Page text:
oblige him to expose the fugitive to the malignity of her revengeful enemy; the
thousand contingencies that the difference of their sexes, their nations, and their
lives, might create to oppose the continuance of the permanent protection that he
had promised to her, caused him no forebodings. Antonina, and Antonina alone,
occupied every faculty of his mind, and every feeling of his heart. There was a
softness and a melody to his ear in her very name!
His early life had made him well acquainted with the Latin tongue, but he had
never discovered all its native smoothness of sound, and elegance of structure,
until he had heard it spoken by Antonina. Word by word, he passed over in his
mind her varied, natural, and happy turns of expression; recalling, as he was thus
employed, the eloquent looks, the rapid gesticulations, the changing tones which
had accompanied those words, and thinking how wide was the difference between
this young daughter of Rome, and the cold and taciturn women of his own nation.
The very mystery enveloping her story, which would have excited the suspicion
or contempt of more civilised men, aroused in him no other emotions than those
of wonder and compassion. No feelings of a lower nature than these entered his
heart towards the girl. She was safe under the protection of the enemy and the
barbarian, after having been lost through the interference of the Roman and the
To the simple perceptions of the Goth, the discovery of so much intelligence
united to such extreme youth, of so much beauty doomed to such utter loneliness,
was the discovery of an apparition that dazzled, and not of a woman who charmed
him. He could not even have touched the hand of the helpless creature, who now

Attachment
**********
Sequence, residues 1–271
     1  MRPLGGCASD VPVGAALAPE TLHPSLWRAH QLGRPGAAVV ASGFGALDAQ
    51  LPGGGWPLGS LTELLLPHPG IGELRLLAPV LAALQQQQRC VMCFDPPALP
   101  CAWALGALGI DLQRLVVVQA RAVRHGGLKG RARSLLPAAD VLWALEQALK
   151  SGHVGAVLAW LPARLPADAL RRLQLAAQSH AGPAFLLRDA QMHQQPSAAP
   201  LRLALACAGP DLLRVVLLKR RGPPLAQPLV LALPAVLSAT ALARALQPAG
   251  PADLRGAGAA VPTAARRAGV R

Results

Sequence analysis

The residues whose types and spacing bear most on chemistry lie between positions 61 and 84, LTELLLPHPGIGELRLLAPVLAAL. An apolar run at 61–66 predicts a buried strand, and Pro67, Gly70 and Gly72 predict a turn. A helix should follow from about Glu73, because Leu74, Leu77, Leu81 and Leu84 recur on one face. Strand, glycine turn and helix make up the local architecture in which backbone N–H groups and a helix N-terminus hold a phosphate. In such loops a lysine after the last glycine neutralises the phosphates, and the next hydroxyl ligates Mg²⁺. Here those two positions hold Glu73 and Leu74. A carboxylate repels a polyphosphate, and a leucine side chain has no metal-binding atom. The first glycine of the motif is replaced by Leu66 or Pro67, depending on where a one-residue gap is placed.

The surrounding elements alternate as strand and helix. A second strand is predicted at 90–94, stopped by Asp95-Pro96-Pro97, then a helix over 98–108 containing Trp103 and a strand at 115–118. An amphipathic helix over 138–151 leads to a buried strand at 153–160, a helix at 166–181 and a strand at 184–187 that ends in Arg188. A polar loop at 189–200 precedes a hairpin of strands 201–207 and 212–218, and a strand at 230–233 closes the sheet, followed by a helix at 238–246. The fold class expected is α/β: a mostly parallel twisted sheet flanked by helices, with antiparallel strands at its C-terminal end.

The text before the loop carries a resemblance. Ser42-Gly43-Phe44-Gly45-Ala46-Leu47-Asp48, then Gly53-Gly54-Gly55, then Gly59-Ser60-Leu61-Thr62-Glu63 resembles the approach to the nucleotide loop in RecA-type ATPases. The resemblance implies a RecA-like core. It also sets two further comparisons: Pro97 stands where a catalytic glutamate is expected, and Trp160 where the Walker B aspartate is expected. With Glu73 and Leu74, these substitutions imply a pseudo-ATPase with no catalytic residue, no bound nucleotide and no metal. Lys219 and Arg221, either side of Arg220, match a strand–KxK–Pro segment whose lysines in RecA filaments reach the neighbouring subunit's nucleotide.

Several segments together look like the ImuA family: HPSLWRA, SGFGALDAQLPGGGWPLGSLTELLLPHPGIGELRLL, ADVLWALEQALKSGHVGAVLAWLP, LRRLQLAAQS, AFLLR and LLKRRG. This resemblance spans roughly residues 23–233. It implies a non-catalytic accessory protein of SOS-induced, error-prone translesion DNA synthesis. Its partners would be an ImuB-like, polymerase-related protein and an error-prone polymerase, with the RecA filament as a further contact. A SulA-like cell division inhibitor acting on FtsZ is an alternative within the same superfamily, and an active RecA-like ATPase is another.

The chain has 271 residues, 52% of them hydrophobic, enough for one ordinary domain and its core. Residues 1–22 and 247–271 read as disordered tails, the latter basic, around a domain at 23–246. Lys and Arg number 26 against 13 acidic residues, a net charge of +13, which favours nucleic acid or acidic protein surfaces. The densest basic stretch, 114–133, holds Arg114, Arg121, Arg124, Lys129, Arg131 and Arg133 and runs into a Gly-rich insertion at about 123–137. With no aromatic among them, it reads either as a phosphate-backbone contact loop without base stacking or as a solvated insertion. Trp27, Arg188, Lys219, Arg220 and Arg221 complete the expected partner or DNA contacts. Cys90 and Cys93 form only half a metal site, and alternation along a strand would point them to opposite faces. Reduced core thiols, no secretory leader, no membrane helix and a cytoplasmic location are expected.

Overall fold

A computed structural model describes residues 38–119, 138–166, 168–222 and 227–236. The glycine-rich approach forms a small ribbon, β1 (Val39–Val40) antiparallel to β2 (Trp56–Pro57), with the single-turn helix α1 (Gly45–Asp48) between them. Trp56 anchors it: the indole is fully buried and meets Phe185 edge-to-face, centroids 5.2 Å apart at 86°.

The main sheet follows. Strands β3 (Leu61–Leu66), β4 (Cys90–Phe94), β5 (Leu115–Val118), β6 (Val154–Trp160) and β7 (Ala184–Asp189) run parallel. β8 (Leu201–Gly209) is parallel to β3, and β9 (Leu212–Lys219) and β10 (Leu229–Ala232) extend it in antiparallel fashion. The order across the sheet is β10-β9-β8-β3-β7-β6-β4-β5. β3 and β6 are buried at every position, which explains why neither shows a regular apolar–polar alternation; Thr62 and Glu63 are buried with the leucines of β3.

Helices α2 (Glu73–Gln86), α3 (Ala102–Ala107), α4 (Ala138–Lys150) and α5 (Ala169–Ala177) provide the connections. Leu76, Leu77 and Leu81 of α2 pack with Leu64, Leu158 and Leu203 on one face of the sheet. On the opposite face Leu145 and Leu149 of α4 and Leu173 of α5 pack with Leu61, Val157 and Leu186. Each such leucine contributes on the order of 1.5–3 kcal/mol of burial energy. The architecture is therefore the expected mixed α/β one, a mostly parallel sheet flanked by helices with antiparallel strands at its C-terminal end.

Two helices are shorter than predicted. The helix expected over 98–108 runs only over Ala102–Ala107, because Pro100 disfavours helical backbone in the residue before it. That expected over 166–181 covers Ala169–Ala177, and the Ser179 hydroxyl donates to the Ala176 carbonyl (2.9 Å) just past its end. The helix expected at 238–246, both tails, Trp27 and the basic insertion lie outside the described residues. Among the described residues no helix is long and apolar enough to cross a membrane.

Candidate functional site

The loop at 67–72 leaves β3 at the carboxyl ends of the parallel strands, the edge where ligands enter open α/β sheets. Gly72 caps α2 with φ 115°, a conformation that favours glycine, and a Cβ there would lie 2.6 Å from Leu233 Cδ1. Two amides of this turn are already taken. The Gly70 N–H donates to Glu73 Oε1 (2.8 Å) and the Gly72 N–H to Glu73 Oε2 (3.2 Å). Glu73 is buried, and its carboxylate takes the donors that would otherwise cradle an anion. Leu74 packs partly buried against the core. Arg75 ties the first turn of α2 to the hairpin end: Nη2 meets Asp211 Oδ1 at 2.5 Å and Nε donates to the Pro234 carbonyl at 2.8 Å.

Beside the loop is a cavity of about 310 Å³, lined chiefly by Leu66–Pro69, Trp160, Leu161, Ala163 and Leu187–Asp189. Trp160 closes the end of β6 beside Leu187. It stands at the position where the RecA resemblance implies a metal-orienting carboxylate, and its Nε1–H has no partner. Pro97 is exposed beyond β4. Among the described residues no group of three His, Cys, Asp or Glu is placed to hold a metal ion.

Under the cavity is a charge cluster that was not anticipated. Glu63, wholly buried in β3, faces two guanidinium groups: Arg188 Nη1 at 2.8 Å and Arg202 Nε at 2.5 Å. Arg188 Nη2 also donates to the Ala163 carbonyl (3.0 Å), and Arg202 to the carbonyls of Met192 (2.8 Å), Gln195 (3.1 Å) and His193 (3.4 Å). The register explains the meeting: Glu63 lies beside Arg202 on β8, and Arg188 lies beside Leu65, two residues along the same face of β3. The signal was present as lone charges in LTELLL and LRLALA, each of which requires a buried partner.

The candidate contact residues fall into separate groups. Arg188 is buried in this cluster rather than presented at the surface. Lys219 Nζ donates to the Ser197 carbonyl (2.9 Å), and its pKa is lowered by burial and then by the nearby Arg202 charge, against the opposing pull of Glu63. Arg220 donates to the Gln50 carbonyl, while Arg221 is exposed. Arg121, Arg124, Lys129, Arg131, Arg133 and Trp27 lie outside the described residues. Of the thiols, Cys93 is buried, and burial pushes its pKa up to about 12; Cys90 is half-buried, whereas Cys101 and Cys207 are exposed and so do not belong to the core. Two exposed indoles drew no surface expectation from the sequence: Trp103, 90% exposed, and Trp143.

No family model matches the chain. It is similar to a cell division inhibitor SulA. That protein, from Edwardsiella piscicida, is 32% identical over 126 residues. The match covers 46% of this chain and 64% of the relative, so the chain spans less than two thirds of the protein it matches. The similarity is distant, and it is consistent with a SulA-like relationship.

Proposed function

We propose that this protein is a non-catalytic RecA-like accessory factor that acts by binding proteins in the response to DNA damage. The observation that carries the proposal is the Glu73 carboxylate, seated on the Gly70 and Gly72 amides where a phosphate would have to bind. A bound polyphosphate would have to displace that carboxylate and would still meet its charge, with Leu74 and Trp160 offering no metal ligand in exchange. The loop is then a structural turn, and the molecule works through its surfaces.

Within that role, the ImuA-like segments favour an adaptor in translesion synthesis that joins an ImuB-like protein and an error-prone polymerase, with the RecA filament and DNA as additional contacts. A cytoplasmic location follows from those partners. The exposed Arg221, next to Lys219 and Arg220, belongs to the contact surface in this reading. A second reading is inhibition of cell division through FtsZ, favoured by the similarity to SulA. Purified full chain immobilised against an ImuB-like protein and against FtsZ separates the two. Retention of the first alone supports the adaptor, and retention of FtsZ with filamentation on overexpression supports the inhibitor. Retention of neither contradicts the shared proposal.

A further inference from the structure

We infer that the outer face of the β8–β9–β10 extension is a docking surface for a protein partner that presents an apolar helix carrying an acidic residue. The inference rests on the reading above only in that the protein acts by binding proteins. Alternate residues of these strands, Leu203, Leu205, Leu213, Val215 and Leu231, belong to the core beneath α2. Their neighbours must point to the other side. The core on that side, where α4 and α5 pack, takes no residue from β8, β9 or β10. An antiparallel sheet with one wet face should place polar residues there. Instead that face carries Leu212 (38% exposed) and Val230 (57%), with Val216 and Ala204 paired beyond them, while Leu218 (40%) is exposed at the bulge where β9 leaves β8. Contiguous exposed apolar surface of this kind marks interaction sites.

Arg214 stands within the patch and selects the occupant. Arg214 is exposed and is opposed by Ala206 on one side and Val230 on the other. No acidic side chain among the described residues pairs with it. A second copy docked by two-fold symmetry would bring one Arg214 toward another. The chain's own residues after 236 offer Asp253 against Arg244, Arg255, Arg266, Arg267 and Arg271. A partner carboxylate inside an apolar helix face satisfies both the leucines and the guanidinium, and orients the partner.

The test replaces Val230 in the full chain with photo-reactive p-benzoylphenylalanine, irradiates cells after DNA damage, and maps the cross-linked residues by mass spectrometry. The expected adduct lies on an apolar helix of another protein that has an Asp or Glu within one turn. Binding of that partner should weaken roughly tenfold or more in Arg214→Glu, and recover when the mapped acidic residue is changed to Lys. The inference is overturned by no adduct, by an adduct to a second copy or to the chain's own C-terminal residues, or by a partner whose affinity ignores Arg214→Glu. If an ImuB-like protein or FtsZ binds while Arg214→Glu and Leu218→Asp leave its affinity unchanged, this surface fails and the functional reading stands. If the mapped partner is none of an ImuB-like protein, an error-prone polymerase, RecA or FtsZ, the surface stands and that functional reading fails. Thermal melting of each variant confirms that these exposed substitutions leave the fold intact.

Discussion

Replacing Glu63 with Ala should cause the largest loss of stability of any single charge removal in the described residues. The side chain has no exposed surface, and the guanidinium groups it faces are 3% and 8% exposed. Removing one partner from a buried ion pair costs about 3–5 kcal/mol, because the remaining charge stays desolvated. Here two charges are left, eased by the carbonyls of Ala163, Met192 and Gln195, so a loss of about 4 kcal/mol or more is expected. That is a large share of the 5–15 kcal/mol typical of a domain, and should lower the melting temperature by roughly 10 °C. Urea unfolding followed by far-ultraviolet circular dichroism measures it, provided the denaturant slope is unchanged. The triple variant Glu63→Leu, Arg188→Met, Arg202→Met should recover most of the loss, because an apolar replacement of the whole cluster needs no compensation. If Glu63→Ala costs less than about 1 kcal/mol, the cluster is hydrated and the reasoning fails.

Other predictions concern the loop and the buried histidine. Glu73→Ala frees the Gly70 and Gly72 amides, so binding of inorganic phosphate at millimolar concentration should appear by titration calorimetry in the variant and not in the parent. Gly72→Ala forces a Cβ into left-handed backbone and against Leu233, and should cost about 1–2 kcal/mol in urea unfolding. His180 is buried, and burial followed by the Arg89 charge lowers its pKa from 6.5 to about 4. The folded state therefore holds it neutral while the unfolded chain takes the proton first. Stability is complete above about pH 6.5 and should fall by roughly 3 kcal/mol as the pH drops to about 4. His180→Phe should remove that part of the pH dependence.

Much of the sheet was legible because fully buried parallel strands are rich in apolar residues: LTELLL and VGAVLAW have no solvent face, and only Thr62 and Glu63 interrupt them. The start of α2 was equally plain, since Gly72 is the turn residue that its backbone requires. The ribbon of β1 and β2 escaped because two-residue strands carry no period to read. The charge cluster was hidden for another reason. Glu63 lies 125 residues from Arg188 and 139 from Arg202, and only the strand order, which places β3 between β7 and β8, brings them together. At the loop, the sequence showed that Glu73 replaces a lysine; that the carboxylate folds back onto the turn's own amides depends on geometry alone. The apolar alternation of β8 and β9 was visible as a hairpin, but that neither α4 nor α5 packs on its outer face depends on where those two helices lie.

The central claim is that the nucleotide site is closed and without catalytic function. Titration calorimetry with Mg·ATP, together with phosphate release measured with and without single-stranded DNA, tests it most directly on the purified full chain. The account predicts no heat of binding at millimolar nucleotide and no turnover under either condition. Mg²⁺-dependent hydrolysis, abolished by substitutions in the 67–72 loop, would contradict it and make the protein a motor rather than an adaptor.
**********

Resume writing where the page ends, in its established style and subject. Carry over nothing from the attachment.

reposed under his tent, unless she had extended it to him of her own accord. He
could only think--with a delight whose excess he was far from estimating himself-
-on this solitary mysterious being who had come to him for shelter and for aid;
who had awakened in him already new sources of sensation; and who seemed to
his startled imagination to have suddenly twined herself for ever about the
destinies of his future life.
He was still deep in meditation, when he was startled by a hand suddenly laid on
his arm. He looked up and saw that Antonina, whom he had imagined to be
slumbering on her couch, was standing by his side.
'I cannot sleep,' said the girl in a low, awe-struck voice, 'until I have asked you to
spare my father when you enter Rome. I know that you are here to ravage the city;
and, for aught I can tell, you may assault and destroy it to-night. Will you promise
to warn me before the walls are assailed? I will then tell you my father's name and
abode, and you will spare him as you have mercifully spared me? He has denied
me his protection, but he is my father still; and I remember that I disobeyed him
once, when I possessed myself of a lute! Will you promise me to spare him? My
mother, whom I have never seen and who must therefore be dead, may love me in
another world for pleading for my father's life!'
In a few words, Hermanric quieted her agitation by explaining to her the nature
and intention of the Gothic blockade, and she silently returned to the couch. After
a short interval, her slow, regular breathing announced to the young warrior, as he
watched by the side of the fire, that she had at length forgotten the day's heritage
of misfortune in the welcome oblivion of sleep.